An important characteristic of any Huffman encoding is that no bit string used to represent a character is the prefix of any other bit string used to represent a character.
Hypothetical Code:
     A:  01
     B:  011
     C:  110
     D:  10

How do you decode
  0   1   1   1   0

    1   1   1   0
     1   1   0

You avoid this problem by keeping data only at leaves.  Another clear optimization:  So you do not waste nodes, there is no need going through a node with just one child.  This means the tree structure is a  2-tree with all nodes having 0 or 2 children, never 1. (DasGupta calls this a full tree) for a start at efficient, unambiguous decoding.  There are still a lot of 2-trees.

Two ways of looking at counts are important in forming an optimal 2-tree: 

1. Sum of all path lengths to leaves, with frequencies.  This show the two with the smallest frequencies should go at the bottom.

2.  Also label so all interior nodes except the root with a frequency which is the sum of their children.  Each number shows the number of paths that follow the leg from the node's parent to itself.  The sum of all path lengths with frequency is the sum of the frequency of use of every edge, which is the sum of the values at each node.  This allows the easy reduction to a smaller problem, replacing branch with two smallest, just with the parent node.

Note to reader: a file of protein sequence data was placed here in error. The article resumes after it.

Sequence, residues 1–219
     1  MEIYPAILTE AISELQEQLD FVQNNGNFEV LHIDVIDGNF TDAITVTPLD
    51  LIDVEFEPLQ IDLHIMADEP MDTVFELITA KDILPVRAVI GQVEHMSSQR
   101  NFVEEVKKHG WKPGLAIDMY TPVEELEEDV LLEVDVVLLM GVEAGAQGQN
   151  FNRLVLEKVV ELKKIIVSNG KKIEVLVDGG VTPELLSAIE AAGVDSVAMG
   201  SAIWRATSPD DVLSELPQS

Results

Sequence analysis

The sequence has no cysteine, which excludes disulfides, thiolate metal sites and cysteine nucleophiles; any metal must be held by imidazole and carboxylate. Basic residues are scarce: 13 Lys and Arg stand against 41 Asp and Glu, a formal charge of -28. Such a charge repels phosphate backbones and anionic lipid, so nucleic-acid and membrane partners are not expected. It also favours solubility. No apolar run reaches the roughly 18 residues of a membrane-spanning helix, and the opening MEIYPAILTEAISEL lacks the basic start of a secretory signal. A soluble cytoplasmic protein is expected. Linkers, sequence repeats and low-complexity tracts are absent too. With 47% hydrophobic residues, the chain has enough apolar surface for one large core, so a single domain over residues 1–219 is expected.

Consider “BAA BAA BLACK”
Character frequencies:

A 5
B 3
_  2 (use _ as a shorthand for blank)
C 1
L 1
K 1 

build tree, code, encode.  There are multiple choices when there is not  a unique smallest pair.
Huffman tree and codes

Python code for this is in, which uses previously discussed and a new module

Class practice:
See another greedy problem:  Das Gupta 5.3 Horn formulas.  Important for Prolog programming language implementation.  The claim is there is a linear algorithm in size of input to solve Horn formulas.  In DasGupta's pseudo code, the while clause could be restated: "while there is an implication with true hypothesis and false conclusion, change the variable in the conclusion to true".   Class: work out such an O(n) algorithm.  This requires carefully consideration of th data structures used.

More creative problems from earlier sections:

1.   The diameter of a graph is the max of the distance between any two points.  In particular it makes sense for a tree.  Find an O(n) algorithm for a tree (general unrooted tree, and not binary tree).  May assume all edge weights 1 for simplicity (does not change the algorithm idea).

2.  Given n professional wrestlers, with r rivalries specified between pairs. Find an O(n+r) algorithm succeeding or acknowledging impossibility of declaring a partition into good guys and bad guys, and have all rivalries between a good guy and a bad guy.

3.  Create an O(n) algorithm and explain why the algorithm has that order:

boolean sumMatch(int[] A, int n, int val)
// n > 0; A is an array with n elements, and A[0] < A[1] < A[2] < … A[n-1].
// Return true if there are indices i and j such that A[i] + A[j] == val ; return false otherwise.
// Examples: If A contains -3, 1, 2, 5, 7, then sumMatch(A, 5, 6) is true (1+5 is 6), and
// sumMatch(A, 5, 12) is true but sumMatch(A, 5, 11) and sumMatch(A, 5, 0) are both false.

Shortest paths with negative weight edges

What if we allow negative edge weights?  Section 4.6 of DasGupta p 128.  Note this is part of the course not in Levitin.

Class:  See usefulness with DasGupta Ex 4.21, 22.

HW will include Das Gupta 4.8, 4.9

Next All pairs shortest paths and dynamic programming